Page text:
I fell in love with both shows and i am sure many other people will too.
In the war against neighboring countries, the Grand Duke’s warriors use dragon-like beasts called Touda as weapons. Touda are admired across the nation and villages take great pride in breeding them. Erin lives in one such village with her mother, Soyon, who is the best beastinarian in the country. However, life in the village is not so straightforward: Soyon is also an Ariyo, a woman of the Mist People - a race that is feared by humans for its mystical abilities. So that she and Erin can stay in the village, Soyon must flawlessly fulfill her duty capturing and disciplining the Touda; but while Erin wants nothing more than to become a beastinarian, she also feels sorry for the Touda and recognizes that there’s far more to them than meets the eye. Can Erin ever become an ordinary beastinarian when her deepest instincts tell her there is a better way to interact with the Touda?
both anime have a main female protagonist; they both time hop to various points in the characters' lives as the story progresses; they both have a slow and subtle build up to the climax and though both anime have some action, they do not rely on it to tell the story; they both entertain a very unique and captivative setting... all in all if you like one you will definatly like the other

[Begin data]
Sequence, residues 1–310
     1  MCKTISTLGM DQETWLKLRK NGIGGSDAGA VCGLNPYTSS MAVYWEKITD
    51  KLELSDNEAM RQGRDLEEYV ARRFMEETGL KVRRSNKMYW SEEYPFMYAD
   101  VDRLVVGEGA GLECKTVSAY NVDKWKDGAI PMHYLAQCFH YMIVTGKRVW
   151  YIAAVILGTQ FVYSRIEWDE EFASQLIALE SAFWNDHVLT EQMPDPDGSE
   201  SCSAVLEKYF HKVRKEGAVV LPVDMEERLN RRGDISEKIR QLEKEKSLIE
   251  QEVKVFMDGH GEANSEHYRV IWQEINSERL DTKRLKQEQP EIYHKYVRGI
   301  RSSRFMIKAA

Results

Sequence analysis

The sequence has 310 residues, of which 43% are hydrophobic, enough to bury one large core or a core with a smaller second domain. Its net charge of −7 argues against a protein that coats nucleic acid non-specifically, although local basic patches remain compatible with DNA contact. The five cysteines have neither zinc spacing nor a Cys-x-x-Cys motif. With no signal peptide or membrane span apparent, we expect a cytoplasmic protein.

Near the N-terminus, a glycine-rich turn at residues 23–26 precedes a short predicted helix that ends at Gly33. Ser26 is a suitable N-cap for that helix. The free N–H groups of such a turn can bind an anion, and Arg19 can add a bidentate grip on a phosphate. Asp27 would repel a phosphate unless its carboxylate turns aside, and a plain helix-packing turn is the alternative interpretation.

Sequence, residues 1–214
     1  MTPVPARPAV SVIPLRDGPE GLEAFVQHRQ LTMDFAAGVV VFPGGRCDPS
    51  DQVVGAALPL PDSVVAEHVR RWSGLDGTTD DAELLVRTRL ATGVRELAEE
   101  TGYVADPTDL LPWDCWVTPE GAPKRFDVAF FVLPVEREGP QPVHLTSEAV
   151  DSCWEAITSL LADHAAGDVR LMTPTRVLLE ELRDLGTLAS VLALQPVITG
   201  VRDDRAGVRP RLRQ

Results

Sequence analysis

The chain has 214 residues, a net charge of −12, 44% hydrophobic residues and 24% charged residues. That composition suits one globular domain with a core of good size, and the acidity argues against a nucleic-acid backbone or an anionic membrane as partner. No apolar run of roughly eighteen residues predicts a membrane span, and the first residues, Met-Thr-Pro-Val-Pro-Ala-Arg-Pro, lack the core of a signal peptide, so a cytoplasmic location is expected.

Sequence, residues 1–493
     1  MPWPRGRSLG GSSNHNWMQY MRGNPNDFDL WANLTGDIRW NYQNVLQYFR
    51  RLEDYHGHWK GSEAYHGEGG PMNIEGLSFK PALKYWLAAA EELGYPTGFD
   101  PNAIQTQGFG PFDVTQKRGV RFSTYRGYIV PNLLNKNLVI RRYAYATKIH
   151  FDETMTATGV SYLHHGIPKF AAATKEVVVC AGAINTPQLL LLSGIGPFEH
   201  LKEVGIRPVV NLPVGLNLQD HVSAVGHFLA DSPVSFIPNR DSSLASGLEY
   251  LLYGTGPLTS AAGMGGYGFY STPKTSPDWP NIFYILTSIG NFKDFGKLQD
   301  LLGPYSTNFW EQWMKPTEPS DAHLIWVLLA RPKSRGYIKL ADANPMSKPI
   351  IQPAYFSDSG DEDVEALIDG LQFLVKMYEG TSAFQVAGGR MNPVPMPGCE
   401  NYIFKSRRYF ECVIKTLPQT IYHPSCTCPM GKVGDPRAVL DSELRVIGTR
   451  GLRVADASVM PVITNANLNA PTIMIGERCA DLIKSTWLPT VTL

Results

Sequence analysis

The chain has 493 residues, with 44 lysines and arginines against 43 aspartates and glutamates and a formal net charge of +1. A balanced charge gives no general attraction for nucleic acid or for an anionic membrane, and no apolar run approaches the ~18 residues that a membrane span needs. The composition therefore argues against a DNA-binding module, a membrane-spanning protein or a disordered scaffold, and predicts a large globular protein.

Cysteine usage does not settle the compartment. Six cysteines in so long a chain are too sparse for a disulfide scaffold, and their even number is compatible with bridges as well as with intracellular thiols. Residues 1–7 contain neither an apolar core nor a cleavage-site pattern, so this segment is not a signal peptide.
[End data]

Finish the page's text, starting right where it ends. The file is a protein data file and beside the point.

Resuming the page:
Both Kemono no Souja Erin and From the New World envelope you in universes made of equal parts wonder and horror. In both, a brave heroine grows up learning harsh socio-political realities; and there features an intricate relationship between humans and another species that serves them. There is plenty of lore in both, which is revealed in a steady build-up alongside the plot. From the New World has far stronger horror elements (highly successfully executed, I might add) while Erin is more of a family affair, but they have the same classic, hearty approach when it comes to storytelling.
For Kouta and Yuka, finding the bloody naked young girl on the beach would change their lives forever, for better or for worse. Unable to speak or function as a normal human being, she is named Nyu by the duo, and taken into their home in an effort to save her. But what neither teenager knows is that this innocent young girl is actually a killing machine -- an experiment gone terribly wrong -- and it is only a matter of time before the murderer in her awakens again...
Although Elfen Lied has acquired a bad reputation, this is mostly due to its style. It deals with many of the same themes as From The New World/Shin Sekai Yori. Elfen Lied is much less refined than From The New World and is much more of a raw emotinal experience. The dominant themes of Elfen Lied include social alienation, tragedy, hatred, revenge, and the value of humanity. It also examines the realistic consequences of giving people special powers. Elfen Lied tries to shake standard moral convention and leaves you guessing which character to support. It shows the worst side of humanity, then tries to salvage it with bits of hope. If your the type of person who is easily distrubed or distracted by violence and nudity, I would not recommend watching Elfen Lied because the series is best appreciated by mature individuals who can appreciate the strong emotional impact of the story.
Both From the New World and Elfen Lied delve into the psychology of young children who have had a unique upbringing. Elfen Lied throws these characters into a world we know, while From the New World takes a more comprehensive approach by bringing you into the characters' world. Still, I think if you enjoyed the aspects of psychology and human behavior in one, you should give the other a try.